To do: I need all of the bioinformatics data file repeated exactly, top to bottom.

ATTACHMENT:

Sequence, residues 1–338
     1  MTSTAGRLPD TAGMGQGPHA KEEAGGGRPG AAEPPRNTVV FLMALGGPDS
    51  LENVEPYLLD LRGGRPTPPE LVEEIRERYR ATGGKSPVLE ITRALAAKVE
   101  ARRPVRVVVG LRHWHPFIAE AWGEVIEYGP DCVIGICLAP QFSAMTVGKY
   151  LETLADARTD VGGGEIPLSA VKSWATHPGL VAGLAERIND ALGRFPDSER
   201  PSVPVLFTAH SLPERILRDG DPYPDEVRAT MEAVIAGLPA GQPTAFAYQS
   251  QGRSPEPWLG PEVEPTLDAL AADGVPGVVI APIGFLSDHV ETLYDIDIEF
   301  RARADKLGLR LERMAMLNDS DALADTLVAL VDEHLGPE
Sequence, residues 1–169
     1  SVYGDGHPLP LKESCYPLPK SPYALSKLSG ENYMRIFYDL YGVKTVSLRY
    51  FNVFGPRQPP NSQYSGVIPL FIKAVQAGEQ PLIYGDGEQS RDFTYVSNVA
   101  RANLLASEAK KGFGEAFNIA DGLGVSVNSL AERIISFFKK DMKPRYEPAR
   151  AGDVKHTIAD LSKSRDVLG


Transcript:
Sequence, residues 1–338
     1  MTSTAGRLPD TAGMGQGPHA KEEAGGGRPG AAEPPRNTVV FLMALGGPDS
    51  LENVEPYLLD LRGGRPTPPE LVEEIRERYR ATGGKSPVLE ITRALAAKVE
   101  ARRPVRVVVG LRHWHPFIAE AWGEVIEYGP DCVIGICLAP QFSAMTVGKY
   151  LETLADARTD VGGGEIPLSA VKSWATHPGL VAGLAERIND ALGRFPDSER
   201  PSVPVLFTAH SLPERILRDG DPYPDEVRAT MEAVIAGLPA GQPTAFAYQS
   251  QGRSPEPWLG PEVEPTLDAL AADGVPGVVI APIGFLSDHV ETLYDIDIEF
   301  RARADKLGLR LERMAMLNDS DALADTLVAL VDEHLGPE
Sequence, residues 1–169
     1  SVYGDGHPLP LKESCYPLPK SPYALSKLSG ENYMRIFYDL YGVKTVSLRY
    51  FNVFGPRQPP NSQYSGVIPL FIKAVQAGEQ PLIYGDGEQS RDFTYVSNVA
   101  RANLLASEAK KGFGEAFNIA DGLGVSVNSL AERIISFFKK DMKPRYEPAR
   151  AGDVKHTIAD LSKSRDVLG